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Nordic moves a cold 20 million pounds of cargo
After just over a month in operation, Nordic Cold Storage has moved tens of millions of pounds of refrigerated cargo through the Georgia Ports Authority’s Garden City Terminal.
Nordic welcomed state officials and the media to a tour Tuesday of its state-of-the-art storage and blast facility, located just minutes from the Port of Savannah, the fourth busiest port in the U.S.
“Nordic’s presence here extends the Port of Savannah’s ability to support Georgia’s vital agricultural industry, in particular, our poultry producers,” said GPA Executive Director Curtis Foltz.
The site has over 200,000 square-feet of convertible temperature-controlled storage space and is capable of blasting more than 10 million pounds of product, ranging from fresh poultry to produce, per week. This $30 million facility currently employs 100 workers, however Nordic plans to expand the facility by the end of the year.
“In just five weeks, we have already received 30 million pounds of product and made outbound shipments totaling 20 million pounds,” said Ross Maple, Nordic’s Director of Business Strategy.
Foltz said the GPA is also increasing its refrigerated cargo capacity to stay ahead of demand.
“The GPA is installing an additional 20 refrigerated container racks at the Garden City Terminal,” said Foltz. “This adds 480 chilled cargo slots, for a total capacity of more than 2,600 containers a week.”
The refrigerated containers are powered by 600 chassis plug-ins and 2,016 container rack slots. The Port of Savannah is the only port in the nation to use reefer racks on this scale.
“In the last seven years, refrigerated exports through the Port of Savannah have increased 130 percent,” Foltz said. “And the combination of public and private investment ensures we are prepared for future growth in this valuable cargo segment.”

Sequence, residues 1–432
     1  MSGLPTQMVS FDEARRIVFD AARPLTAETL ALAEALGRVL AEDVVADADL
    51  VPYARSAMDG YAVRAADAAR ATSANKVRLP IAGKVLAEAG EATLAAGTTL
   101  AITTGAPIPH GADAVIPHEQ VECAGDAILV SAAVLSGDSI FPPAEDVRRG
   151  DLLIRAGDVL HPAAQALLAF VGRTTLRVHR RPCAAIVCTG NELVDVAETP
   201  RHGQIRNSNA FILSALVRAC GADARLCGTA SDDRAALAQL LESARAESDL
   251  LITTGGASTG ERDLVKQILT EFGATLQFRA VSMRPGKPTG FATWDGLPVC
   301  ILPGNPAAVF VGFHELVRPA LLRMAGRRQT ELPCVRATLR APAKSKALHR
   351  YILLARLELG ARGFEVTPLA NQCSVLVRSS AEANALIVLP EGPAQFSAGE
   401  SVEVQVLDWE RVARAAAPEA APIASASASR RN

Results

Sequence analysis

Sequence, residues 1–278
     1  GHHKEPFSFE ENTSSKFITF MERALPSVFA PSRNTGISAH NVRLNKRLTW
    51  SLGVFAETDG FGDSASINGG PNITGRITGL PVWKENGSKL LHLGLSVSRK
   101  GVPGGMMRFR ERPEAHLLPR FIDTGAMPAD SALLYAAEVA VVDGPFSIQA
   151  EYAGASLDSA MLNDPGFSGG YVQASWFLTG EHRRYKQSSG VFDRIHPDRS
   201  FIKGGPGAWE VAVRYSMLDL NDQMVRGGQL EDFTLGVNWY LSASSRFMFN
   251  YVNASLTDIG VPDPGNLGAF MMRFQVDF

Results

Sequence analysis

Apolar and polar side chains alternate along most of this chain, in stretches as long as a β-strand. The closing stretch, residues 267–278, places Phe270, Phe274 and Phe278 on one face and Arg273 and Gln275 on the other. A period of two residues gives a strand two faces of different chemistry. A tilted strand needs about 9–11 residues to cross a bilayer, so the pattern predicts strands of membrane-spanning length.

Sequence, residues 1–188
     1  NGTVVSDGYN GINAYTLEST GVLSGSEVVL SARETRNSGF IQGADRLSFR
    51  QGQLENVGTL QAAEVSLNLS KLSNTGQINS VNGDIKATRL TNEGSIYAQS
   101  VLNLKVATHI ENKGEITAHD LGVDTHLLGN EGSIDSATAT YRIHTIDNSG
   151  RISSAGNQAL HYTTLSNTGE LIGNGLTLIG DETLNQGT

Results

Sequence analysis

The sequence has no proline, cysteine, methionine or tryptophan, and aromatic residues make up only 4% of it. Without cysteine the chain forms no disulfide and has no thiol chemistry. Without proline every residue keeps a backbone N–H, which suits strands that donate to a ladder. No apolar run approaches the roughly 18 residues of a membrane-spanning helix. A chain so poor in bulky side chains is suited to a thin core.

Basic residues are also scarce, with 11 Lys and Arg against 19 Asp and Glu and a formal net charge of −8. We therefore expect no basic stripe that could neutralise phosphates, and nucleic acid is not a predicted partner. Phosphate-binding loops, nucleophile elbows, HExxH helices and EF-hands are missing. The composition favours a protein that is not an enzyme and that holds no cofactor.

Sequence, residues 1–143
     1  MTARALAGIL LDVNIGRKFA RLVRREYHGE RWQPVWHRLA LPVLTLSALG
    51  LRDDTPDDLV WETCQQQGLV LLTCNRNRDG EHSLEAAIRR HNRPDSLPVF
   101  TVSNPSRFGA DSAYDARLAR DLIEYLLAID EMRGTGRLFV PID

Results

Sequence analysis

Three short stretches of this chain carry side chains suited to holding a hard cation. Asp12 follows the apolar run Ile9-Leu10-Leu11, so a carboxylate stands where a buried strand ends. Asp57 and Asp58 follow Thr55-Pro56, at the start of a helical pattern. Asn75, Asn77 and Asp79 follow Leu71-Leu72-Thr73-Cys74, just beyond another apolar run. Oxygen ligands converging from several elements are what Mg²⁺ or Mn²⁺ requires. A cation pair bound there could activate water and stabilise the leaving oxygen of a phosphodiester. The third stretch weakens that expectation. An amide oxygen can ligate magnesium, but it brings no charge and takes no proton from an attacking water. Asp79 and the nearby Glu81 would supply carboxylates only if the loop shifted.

Last year alone the GPA saw a 3.9% increase in refrigerated cargo exports, totaling nearly 108,000 TEUs, or twenty-foot equivalent container units. More than 80 cold storage facilities around the state rely on the Port of Savannah, with a combined storage capacity greater than 16 million square feet.
“Our Savannah facility is a reflection of Nordic’s commitment to meet the temperature-controlled supply chain requirements that our customers want today and will need tomorrow,” said Don Schoenl, President and Chief Executive Officer of Nordic. “Our facility is located at I-95 and Jimmy DeLoach Parkway, only six miles from the Port of Savannah, and provides our customers convenient access to the port and interstate highways.”
Maple said the project was made possible through the support and pro-business attitude of Nordic’s partners at the Georgia Department of Economic Development, the Savannah Economic Development Authority, the Georgia Ports Authority, Georgia Power, Georgia Quick Start, and the City of Pooler.
“Nordic understands the importance of being close to its customers and to port infrastructure,” said Gretchen Corbin, Deputy Commissioner for Global Commerce at the Georgia Department of Economic Development. “The Port of Savannah handles 38 percent of U.S. poultry exports, much of which is produced by Georgia growers. Nordic’s entry into this region will only strengthen the state’s position in the marketplace.”
GPA Board Chairman Robert Jepson said Savannah’s refrigerated volume and market share show the extent to which commerce has chosen Georgia as the gateway to global trade.
“The Georgia Ports Authority’s economic impact extends well beyond state lines. Efficient access to world markets through Georgia’s deepwater ports means our customers are poised for progress,” Jepso
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